Want to learn more about the study? You can find the full report “Implementation of artificial intelligence for the detection of cutaneous melanoma within a primary care setting: prevalence and types of skin cancer in outdoor enthusiasts” on PeerJ.

Surfs up, but so are the stats

Dr Nela Rosic, Wayne ‘Rabbit’ Bartholomew, Adji Assoc Prof Michael Stapelberg, PhD candidate Ian Miller, Assoc Prof Michael Climstein.

There’s an estimated 2.7 million surfers and three million swimmers nationwide, and world-champion surfer and Gold Coast icon Wayne ‘Rabbit’ Bartholomew AM is no stranger to the deadly effects of skin cancer.

“I had my first melanoma 30 years ago, then in 2022 I had my second one. I believe regular skin checks have kept me alive. I wouldn’t have made my 40th birthday or seen my kids grow up if it wasn’t for regular skin checks, because early detection gives you every chance of survival, however late-stage detection is all too often fatal for Australians.”

“Both my melanomas were caught when they were primary and superficial before they even got to stage 1 – and the doctor took enough of a margin from each that I was given the all clear afterwards both times. I get my skin checked every three months, and I’m telling people not to procrastinate – don’t put off getting a skin check.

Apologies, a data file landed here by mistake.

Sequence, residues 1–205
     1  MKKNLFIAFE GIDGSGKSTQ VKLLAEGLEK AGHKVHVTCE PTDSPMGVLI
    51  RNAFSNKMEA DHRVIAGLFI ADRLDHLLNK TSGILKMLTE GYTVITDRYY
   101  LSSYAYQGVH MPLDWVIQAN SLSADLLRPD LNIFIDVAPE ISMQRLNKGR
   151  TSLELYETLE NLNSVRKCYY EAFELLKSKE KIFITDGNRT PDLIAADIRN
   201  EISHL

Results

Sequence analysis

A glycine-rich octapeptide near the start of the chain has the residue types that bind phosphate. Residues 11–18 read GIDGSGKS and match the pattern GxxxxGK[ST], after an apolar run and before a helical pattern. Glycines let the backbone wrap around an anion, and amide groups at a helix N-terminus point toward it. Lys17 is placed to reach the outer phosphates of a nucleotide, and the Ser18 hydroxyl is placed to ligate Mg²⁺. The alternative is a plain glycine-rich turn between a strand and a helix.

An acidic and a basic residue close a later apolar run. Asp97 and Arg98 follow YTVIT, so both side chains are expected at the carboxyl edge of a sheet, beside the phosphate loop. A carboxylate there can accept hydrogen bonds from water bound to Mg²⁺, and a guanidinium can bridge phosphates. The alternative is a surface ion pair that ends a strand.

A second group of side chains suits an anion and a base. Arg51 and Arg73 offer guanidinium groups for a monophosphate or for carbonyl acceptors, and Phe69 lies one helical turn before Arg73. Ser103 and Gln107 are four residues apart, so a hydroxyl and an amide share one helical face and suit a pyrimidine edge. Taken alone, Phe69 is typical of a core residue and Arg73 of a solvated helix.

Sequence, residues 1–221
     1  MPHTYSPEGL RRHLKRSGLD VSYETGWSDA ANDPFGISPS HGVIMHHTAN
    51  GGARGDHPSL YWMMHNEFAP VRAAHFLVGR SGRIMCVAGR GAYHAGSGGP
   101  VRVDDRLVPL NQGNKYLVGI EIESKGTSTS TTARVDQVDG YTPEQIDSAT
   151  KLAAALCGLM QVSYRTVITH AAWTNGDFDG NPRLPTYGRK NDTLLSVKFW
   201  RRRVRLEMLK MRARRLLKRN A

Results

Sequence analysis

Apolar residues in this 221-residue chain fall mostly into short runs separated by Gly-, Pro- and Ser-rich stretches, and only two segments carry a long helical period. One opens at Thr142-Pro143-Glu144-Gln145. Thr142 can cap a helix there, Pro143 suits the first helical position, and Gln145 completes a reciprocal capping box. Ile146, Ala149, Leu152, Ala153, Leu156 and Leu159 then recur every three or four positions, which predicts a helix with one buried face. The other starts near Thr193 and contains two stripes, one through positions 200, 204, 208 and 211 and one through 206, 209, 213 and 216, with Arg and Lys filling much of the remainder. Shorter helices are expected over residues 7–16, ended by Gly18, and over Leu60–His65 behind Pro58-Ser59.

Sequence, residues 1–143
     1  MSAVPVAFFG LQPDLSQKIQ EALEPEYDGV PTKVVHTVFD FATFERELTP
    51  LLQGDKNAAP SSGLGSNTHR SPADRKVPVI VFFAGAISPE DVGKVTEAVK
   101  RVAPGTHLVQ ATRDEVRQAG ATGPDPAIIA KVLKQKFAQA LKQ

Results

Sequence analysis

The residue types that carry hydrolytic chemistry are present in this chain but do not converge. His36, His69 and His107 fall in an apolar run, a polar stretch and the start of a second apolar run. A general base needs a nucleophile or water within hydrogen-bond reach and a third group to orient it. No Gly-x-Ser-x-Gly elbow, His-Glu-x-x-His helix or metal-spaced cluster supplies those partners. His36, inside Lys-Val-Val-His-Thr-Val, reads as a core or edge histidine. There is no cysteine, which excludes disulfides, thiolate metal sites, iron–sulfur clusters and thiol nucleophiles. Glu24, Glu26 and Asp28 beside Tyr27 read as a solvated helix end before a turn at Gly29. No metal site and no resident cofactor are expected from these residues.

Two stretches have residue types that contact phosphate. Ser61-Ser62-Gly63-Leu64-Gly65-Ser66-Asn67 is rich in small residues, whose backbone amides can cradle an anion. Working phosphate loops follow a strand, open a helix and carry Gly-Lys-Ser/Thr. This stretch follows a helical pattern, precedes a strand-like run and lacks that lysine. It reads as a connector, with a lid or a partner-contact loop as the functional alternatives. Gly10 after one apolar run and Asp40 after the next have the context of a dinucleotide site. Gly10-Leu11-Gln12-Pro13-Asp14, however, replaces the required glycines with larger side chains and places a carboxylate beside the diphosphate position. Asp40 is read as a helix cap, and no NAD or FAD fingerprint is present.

“Any breakthrough in treatment, technology and research that helps with early detection or very thorough diagnosis is incredibly valuable.”

Here’s a man on a stand-up paddle board at Tallebudgera Creek after only using a few AI prompts

Tackling perceptions of AI

Southern Cross University’s foray into AI in healthcare extends beyond skin cancer research. Dr Lucy Shinners, an Intensive Care Nurse and academic at Southern Cross University, identified a considerable gap in research around perceptions of AI in the healthcare industry. Motivated by this, she focused her PhD around exploring these perceptions.

Dr Lucy Shinners recieving her testamur with University Chancellor Sandra McPhee AM.

A tool developed by Lucy as part of her PhD is now being used in 15 countries across the globe. The SHAIP tool – the first of its kind in the world – measures healthcare professionals’ perceptions of AI in the delivery of care.

“All around the world we are questioning how our health workforce is going to contribute to the development and application of AI and how we prepare them to do that,” she said.

“Some healthcare professionals perceive AI as robots, others believe that it is computer technology that can think and act like a human being with emotions, insight and intention, for others it is just a piece of technology that sits in the storeroom.

Here’s one with more efficent AI commands! Notice the difference?

Lucy’s thesis sought to identify how clinicians bridged the gap between perception and reality of AI use in their work.

“There are a lot of trust issues and this often comes down to understanding just how AI works. The trick will be empowering healthcare professionals to come up with the ideas and get involved in or lead the development of new technology that will improve care delivery,” Lucy said.

“There is huge potential to inform healthcare delivery and positively impact people’s lives but it’s got a long way to go,” she said. “Education and training about AI should be front and centre.”

Did you catch that we used AI to generate some of the photos here? Just like using AI in healthcare, the quality of the images improves when we provide more effective commands to the AI generator. As Lucy wisely pointed out, education and training are key!